Driftless closely examines three rivers that flow through northeast Iowa’s Driftless Area: the Wapsipinicon, the Volga, and the Upper Iowa. Bypassed by the last ice age, receding glaciers skirted around the northeast corner of Iowa, leaving its land untouched by glacial drift. Sediment and rock that have sat in the area for thousands of millennia have had the chance to slowly erode into hills, bluffs, and stretching vistas, a geological image that is not typically associated with the Midwest. Past journalists have even gone so far to describe the area as “Iowa’s Switzerland.”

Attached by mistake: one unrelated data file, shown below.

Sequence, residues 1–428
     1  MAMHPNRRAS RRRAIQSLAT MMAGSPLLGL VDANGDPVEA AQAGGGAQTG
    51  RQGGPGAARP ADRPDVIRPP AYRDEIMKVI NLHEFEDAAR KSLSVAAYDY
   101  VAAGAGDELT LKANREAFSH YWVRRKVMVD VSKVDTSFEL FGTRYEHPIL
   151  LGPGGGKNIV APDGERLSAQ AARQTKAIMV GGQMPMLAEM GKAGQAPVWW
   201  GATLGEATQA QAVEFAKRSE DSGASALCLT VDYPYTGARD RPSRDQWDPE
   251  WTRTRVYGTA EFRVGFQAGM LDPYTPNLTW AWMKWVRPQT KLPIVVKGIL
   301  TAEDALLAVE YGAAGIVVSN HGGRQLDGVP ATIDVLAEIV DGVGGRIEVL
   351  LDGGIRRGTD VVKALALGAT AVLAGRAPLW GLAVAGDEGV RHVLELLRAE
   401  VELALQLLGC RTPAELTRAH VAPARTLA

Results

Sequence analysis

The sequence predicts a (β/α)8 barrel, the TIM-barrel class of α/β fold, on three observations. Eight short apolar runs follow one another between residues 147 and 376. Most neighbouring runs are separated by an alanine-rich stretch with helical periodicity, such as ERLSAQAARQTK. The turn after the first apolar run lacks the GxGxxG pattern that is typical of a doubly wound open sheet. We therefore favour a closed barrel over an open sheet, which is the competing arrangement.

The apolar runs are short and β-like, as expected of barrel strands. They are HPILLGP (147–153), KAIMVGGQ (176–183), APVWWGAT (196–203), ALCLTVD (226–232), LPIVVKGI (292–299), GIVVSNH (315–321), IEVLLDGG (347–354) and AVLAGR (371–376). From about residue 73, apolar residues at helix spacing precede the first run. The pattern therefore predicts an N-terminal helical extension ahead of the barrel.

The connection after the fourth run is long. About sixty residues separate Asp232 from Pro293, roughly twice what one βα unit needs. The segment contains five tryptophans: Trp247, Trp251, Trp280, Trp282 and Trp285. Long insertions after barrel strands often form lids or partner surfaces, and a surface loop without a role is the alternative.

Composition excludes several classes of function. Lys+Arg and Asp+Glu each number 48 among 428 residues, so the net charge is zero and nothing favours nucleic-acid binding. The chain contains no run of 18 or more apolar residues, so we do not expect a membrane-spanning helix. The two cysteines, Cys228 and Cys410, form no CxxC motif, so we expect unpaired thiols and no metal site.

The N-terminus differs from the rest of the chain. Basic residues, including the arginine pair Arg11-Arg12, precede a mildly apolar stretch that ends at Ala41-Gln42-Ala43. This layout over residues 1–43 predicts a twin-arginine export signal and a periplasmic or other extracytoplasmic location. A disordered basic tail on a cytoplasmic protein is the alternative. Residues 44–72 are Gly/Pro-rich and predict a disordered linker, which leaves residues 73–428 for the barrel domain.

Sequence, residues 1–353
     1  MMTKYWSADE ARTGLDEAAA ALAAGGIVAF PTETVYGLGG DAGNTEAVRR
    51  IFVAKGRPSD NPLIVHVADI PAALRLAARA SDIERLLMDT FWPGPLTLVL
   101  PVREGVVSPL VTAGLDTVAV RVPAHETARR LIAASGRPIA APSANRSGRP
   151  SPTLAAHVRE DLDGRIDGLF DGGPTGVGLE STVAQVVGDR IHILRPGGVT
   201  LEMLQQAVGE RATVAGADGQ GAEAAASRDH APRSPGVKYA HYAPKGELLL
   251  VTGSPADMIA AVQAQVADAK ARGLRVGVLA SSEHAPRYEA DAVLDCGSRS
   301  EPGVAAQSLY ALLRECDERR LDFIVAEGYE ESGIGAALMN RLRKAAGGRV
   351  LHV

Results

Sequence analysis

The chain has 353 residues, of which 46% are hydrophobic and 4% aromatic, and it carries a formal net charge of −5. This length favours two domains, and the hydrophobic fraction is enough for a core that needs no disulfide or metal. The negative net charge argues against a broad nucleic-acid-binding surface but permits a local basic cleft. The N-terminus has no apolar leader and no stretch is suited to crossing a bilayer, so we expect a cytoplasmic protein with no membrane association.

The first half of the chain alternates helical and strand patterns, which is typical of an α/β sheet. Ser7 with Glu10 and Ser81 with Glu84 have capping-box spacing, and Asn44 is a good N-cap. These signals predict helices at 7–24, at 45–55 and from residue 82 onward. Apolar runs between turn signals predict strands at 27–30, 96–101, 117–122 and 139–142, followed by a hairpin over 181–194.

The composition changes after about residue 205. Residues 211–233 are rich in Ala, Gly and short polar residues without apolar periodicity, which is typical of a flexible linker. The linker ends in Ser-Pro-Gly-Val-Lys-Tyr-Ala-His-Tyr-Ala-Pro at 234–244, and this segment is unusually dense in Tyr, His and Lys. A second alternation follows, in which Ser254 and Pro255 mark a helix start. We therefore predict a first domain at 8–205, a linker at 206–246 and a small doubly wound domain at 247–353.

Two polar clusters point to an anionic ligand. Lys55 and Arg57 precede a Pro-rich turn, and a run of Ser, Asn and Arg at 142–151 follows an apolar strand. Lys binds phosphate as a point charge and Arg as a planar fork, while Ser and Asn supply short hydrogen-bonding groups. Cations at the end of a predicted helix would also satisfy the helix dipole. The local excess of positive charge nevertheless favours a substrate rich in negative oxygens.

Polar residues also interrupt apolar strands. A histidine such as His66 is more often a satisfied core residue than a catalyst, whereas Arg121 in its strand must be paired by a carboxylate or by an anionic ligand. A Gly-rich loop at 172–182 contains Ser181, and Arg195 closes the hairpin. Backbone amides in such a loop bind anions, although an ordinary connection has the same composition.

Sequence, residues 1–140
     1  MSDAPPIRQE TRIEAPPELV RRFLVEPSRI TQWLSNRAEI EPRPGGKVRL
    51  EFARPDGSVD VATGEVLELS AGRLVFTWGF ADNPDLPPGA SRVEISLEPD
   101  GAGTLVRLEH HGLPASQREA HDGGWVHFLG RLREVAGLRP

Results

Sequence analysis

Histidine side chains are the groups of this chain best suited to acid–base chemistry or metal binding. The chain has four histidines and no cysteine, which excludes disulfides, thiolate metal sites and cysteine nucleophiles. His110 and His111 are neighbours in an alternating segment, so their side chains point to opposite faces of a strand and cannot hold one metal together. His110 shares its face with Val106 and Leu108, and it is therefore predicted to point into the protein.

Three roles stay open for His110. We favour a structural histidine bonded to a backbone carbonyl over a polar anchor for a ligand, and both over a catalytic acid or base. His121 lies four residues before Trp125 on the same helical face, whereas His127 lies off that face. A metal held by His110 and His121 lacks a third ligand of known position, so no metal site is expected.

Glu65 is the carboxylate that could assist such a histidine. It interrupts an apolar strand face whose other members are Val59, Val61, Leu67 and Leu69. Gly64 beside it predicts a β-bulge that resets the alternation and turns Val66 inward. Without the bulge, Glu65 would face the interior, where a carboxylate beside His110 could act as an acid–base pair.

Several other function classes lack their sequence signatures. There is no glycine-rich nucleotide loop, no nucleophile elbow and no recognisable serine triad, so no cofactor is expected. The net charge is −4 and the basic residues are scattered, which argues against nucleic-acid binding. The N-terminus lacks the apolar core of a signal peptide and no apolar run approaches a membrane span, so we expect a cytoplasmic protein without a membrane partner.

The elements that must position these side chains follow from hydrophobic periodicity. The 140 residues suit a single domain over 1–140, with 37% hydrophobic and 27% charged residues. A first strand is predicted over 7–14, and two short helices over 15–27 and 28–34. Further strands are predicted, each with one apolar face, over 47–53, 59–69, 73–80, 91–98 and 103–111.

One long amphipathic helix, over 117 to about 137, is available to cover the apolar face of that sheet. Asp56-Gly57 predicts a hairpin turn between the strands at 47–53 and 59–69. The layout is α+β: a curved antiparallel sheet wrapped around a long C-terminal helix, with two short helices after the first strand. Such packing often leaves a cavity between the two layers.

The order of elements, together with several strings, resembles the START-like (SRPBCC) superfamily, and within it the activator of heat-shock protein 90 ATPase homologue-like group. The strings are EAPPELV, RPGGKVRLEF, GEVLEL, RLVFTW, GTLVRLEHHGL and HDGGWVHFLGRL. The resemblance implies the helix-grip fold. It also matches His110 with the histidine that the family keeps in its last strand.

Boyne's installation comprises three 4x8 foot sheets of illuminated, handmade Japanese kozo paper. Each sheet is treated with konn’yaku paste, a medium traditionally used to strengthen and waterproof Japanese paper. The paper is then painted with pigmented konn’yaku paste. These applications of paste buckle and shrink the paper, causing it to transform its shape, wrinkle, and form its own topography.
The paper is painted with cropped details of photographs of the above-mentioned rivers. This close-up look at the rivers’ shapes and patterns becomes a microcosmic snapshot of the larger bluffs and hills that form their surrounding landscape.